Typically with the futon, every morning after waking up, you would roll up your futon and put it away in a special compartment in the wall. This opens up the room by a good amount as well as prevents mold from forming underneath the futon itself.
Here is a list of Japanese vocabulary words bedroom furniture:
Just as some Japanese homes have futon and others have beds, these days it is not uncommon for the bedrooms in Japanese houses to be in the traditional Japanese style as well.
Japanese style rooms are called « 和室 » (Washitsu) and their defining trait is that instead of wood or sponge board flooring, they will be floored with traditional « 畳 » (tatami) mats.
What is a tatami mat? A tatami mat is a mat made from interlacing rice straw that has been tightly woven into a compact rectangle.
Because there are strict guidelines used and careful measurements taken when crafting tatami mats, each tatami mat is exactly 1.8 meters by 0.9 meters, or about 5.9 feet by 3.0 feet, and hence is often used as a system of measurement when talking about the square footage of one’s home.
This unit of measurement is referred to as « 畳 » (jou) and for example, an apartment that is « ８畳 » (Hachi jou), would have an area of about 12.2 square meters. Some other parts of the tatami are:
Due to wear and tear as well as Japan’s unrelenting humidity, tatami mats need to be replaced every five or so years and so when buying new tatami mats, these things need to be held under consideration.
Many people have preferences as to how hard or soft the base is, whether the surface is artificial or natural grain, or what color and design the border is.
In addition to being unique architecturally, there are many other pieces of furniture and elements that set Japanese style rooms apart as well. For example:襖 - Fusuma
Furuma are sliding doors that are configured one of two ways. In larger rooms, it will be two doors that come together and meet at the center partition. In small rooms, it will be simply one door that slides along a wall. Fusuma doors are made of a tightly pulled fabric on a wooden frame and are fairly heavy as well.障子 - Shōji
Shoji are another style of traditional sliding doors but unlike the fusuma, they are transparent on account of being made of washi paper. These doors are incredibly thin and so while they don’t do a good job of keeping intruders out, they still help you to maintain some level of privacy while allowing natural light to shine through.欄間 - Ranma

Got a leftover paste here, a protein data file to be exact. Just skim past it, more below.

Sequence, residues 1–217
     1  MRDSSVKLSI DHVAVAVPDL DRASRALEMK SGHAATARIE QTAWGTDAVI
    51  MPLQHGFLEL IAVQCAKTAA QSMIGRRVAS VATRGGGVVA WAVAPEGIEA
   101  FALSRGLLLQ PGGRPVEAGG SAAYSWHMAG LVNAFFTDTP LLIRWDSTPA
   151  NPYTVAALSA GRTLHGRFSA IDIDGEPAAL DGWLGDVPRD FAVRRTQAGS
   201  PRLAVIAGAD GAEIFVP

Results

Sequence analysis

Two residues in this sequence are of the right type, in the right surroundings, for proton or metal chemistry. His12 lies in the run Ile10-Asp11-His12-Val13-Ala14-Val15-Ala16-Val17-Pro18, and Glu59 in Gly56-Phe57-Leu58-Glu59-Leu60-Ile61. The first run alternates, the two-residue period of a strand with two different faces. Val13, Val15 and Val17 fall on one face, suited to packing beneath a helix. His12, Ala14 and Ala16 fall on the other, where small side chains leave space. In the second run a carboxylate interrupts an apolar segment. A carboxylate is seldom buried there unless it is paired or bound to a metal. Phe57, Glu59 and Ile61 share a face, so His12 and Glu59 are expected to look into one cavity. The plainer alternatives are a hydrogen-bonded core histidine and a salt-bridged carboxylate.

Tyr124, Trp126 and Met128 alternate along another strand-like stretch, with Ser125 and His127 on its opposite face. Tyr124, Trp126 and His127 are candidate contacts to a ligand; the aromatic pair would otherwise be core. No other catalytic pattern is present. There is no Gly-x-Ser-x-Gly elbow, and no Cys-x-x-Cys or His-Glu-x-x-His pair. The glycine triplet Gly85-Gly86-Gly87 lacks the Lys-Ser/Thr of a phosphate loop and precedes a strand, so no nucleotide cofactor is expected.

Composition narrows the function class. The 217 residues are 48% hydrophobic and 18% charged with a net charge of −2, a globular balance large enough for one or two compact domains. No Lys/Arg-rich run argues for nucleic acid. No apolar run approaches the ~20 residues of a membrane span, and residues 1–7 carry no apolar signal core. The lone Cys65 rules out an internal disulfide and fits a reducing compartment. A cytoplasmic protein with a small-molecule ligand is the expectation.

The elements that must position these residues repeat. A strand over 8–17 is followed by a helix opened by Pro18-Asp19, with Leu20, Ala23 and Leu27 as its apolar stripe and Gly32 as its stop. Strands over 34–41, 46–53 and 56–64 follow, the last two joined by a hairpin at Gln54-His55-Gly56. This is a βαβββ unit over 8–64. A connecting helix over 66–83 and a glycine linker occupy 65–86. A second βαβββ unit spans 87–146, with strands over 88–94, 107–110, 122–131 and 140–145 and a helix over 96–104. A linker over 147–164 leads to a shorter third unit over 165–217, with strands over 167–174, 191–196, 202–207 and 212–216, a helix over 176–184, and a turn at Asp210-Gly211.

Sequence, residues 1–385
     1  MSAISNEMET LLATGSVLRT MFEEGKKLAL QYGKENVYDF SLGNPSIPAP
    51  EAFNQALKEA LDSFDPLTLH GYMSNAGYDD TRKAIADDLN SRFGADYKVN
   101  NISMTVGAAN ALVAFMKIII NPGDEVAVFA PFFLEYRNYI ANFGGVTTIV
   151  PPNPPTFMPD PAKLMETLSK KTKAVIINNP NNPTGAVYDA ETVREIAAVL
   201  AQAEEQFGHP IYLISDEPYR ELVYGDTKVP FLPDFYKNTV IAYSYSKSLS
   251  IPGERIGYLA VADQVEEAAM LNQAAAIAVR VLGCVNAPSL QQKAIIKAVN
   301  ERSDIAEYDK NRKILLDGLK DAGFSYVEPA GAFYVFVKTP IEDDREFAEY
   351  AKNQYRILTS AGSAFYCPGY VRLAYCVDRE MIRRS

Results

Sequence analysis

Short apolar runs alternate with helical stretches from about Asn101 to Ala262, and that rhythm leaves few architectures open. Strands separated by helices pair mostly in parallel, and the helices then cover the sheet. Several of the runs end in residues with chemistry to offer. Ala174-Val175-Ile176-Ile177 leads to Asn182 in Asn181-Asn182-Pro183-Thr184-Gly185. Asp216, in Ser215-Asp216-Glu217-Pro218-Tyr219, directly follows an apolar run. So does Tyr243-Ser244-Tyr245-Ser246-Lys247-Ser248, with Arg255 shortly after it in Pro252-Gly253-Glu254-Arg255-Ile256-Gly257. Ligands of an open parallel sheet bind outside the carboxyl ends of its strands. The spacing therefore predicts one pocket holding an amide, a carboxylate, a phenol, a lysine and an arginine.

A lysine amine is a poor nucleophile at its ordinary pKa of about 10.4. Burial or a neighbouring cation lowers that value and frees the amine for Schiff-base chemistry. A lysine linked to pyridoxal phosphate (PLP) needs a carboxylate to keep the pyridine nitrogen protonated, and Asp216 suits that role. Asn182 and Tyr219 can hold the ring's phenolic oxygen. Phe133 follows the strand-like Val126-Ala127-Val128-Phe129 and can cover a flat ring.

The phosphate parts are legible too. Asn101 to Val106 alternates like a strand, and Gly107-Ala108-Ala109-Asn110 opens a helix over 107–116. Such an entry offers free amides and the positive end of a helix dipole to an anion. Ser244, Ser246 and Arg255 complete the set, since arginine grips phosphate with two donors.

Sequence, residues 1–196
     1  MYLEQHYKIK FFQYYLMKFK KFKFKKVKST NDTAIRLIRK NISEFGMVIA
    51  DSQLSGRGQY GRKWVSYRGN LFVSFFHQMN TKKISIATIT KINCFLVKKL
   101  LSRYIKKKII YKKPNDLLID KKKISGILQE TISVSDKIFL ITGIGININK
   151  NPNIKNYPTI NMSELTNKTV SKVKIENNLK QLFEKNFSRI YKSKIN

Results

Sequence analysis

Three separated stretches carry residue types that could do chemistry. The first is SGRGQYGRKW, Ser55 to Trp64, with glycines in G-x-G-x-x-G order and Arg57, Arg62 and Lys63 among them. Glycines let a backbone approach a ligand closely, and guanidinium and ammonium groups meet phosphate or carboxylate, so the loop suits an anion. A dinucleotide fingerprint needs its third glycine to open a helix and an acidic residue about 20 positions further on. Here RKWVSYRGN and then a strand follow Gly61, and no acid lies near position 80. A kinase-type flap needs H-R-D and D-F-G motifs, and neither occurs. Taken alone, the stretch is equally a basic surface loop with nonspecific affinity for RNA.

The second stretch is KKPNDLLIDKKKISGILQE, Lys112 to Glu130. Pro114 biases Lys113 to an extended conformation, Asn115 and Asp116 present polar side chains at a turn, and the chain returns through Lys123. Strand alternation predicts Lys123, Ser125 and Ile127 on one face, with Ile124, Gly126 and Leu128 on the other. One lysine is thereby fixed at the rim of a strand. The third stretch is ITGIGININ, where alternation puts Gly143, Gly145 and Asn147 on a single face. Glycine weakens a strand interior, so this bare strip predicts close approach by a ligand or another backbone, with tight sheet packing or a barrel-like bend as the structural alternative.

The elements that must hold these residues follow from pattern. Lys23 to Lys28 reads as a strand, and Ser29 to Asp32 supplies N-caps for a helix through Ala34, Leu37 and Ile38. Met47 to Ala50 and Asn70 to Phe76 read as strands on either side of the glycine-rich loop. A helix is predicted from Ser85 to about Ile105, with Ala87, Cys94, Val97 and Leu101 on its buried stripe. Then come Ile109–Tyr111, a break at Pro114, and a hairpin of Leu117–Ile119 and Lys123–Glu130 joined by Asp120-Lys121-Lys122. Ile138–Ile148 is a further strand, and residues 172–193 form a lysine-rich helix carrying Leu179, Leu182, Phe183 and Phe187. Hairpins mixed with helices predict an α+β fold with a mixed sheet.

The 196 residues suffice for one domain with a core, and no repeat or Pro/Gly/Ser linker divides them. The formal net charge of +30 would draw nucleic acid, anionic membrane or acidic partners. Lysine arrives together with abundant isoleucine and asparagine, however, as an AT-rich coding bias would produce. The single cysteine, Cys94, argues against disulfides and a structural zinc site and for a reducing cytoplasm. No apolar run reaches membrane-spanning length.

A Ranma is a wooden transom that is typically right above a shoji or fusuma. Traditionally, they are intricately carved out of wood and much like the shoji, allow light and even sound to peep through from the other side, while still maintaining one’s visual privacy. This way you can still keep an eye on the house while enjoying the privacy of your own room.床の間 - Tokonoma
The Tokonoma is a sort of alcove scraped out of traditional Japanese style rooms and often a ceremonial or item of high value will be placed there for display. In some cases, seasonal flower arrangements will be set out, especially if one is expecting company. It can give a Japanese zen aesthetic to the room.違い棚 - Chigaidana
Since heavy furniture such as a wardrobe or cabinet may have the potential to not only damage the tatami mats, but also to clutter up the room as a whole, Chidaidana are cabinets that are built in the wall for this purpose.
Chigaidana are not only used to store things like clothing and household supplies, but many Japanese-style rooms have a specific chigaidana that is for the explicit purpose of storing the futon.付書院 - Tsukeshoin
One of the more idyllic furniture pieces of the Japanese room, tsukeshoin are desks that are built into the window sill so that you can write under the natural light of the sun or look at the stars as you write during the night.
These traditional Japanese style desks became popular during the Taisho period where romance poems and novels really began to take place in Japanese culture.
Unlike western bathrooms, most Japanese bathrooms are divided into two separate rooms or compartments. The lavatory « 便所 » (Benjo) and the bathing room « 風呂場 » (Furoba).
When you think about it, it feels quite a bit more sanitary to separate the place where you get clean, and the place where you do your business.
Here is a list of vocabulary words for the furniture items in a Japanese bathroom:
And there you have it! When it comes to furniture vocabulary in Japanese, there are quite a few new vocabulary words that may surprise you. Many of these you don’t typically use in daily conversation and so one strategy we recommend is putting post-it notes on the things in your home to help practice. Best of luck and never give up!
PS: You can use our free language tool to make your own Japanese vocabulary lists, and record your own Japanese phrases.